9. Devs, With the new 288927 hot-fix and now that buildings can possibly reach +900C temperatures using the better materials. They will still revert back to their base over-heat temperature and delete heat around the building at that temperature. Like 75C for a battery even though you've made it out of Thermite.
  10. Haha! Great idea! It even seems if you pour liquid on top of the tepidizer, it won't care what temperature that liquid becomes. It just keeps reading from the stuff that's under the 85C temperature. Unfortunately, it'll stop working after a reload due to this bug I found two months ago.
  11. Tepidizer shenanigans have... Retuuuurned...! Melt clay into ceramic.. the FUN way!
  12. Thanks @wachunga I suspected this was the case. It always has seemed to me that the performance insulated tiles was always inconstant and that thread explains it nicely. I remembered it from a while ago but.. well, it's been a while since I've read it! It's good to know that ceramic insulated tiles will be good enough to contain hot liquids for the time being and I suppose I can agree with that. If liquid-to-tile transfer was as fast as the gas-to-tile transfer, then just about no insulated tiles would stand a chance against containing the heat from any hot liquid. Those puppies would heat up quick!
  13. My testing tonight in the preview branch has lead me to believe that insulated tiles are possibly bugged when it comes to accepting heat from liquids. Both magma and hot petroleum apparently are not heating them as much as gases due. It's possible this effects the live branch as well, but I'd have to go back to test it. As you can see, the tile that's touching the hot hydrogen is heating to some amount, yet the tile just below it touching the magma is not. Even the tile inside the magma is still at it's default 20C temperature. I made sure to save the game and reload it, but the bug still remains. Just below this tank I build a containment tank for steam and this had the expected effect of heating the ceramic tiles some what, but another next to it that I loaded with hot petroleum, the containing ceramic tiles do not heat. The ceramic insulated tiles touching those obsidian tiles are being slightly heated, so it definitely seems like it's just the transfer from liquids that's effected. I have attached the save file in question. I did also test with insulated obsidian tiles and got the same result. One would expect that dense hot liquids would easily heat these ceramic tiles somewhat, better then gases, for sure. Spacestation.sav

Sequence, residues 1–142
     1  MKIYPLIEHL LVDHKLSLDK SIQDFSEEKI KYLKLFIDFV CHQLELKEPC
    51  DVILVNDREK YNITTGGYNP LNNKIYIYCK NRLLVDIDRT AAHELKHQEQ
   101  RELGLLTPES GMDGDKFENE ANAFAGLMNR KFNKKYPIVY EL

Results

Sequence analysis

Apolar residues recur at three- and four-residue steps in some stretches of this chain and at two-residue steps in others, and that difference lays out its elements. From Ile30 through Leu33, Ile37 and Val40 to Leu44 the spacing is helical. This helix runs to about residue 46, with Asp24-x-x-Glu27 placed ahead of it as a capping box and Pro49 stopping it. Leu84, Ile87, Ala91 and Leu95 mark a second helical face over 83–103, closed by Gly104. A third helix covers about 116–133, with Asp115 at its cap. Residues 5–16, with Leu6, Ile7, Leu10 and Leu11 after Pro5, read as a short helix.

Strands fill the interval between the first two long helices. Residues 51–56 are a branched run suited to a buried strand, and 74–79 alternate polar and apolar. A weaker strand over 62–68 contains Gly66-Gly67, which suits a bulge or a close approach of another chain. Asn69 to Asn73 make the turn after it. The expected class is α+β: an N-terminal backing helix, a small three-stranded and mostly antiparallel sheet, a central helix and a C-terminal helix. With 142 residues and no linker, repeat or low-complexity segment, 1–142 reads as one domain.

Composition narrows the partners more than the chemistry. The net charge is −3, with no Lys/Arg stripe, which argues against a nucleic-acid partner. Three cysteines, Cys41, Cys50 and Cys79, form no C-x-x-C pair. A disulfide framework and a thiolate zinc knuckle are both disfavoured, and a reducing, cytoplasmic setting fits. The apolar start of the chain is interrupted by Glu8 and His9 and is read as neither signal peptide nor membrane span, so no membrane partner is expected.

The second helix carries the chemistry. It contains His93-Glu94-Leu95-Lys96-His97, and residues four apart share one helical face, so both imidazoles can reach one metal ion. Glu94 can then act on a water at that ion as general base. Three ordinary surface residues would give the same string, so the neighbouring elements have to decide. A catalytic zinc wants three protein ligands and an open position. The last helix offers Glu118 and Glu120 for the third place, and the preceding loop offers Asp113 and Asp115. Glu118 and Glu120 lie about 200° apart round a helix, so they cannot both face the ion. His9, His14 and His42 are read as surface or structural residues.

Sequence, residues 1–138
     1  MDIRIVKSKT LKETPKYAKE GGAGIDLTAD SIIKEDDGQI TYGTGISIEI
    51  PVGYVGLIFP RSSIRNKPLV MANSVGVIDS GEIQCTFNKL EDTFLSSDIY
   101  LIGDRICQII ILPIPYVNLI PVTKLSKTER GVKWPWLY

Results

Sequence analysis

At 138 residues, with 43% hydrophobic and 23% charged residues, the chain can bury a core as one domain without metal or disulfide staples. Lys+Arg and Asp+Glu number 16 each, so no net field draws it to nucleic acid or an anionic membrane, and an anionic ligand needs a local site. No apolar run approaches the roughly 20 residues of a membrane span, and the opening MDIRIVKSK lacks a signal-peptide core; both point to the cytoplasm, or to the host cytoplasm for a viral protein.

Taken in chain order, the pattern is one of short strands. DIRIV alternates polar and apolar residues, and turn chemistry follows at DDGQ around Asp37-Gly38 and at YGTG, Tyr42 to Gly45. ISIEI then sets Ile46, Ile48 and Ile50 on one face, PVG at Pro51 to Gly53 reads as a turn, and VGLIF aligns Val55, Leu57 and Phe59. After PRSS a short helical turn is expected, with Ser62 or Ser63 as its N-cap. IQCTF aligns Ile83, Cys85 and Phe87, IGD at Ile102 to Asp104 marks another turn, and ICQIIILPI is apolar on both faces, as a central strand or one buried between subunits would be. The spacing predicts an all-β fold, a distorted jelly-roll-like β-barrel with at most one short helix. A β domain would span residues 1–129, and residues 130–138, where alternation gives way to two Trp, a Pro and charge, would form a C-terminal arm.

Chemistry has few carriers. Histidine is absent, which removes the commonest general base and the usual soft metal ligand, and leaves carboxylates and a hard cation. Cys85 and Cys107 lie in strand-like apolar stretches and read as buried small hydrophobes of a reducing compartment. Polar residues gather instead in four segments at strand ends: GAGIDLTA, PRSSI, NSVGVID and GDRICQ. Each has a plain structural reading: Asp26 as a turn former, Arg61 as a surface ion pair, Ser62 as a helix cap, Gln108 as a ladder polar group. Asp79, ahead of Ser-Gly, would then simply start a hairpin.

14. You're right, it won't let you try to build anything with liquid Visco-Gel. So, you either have to create it with a bottle emptier like these air-locks have been made before. Or, you have a central place where you dump all your liquid Visco-Gel to freeze it, making sure that it doesn't produce solid tiles in the process so you can more readily build them using plastic tiles that eventually melt. Hmmmm.... I guess it would depend on how many of these air-locks I'd bother to make.
  15. It comes out as a bottle. There's no pipe inputs or outputs on the molecular forge. Just power and automation inputs. It also lets light pass through it. Apparently, whatever change they did recently to the properties of light passing though materials is more mass based now. Apparently, 100KGs of Gel and Water pass the same amount of light as window tile of the same mass, but reducing the mass of water/Gel lets more light through and at the same amount.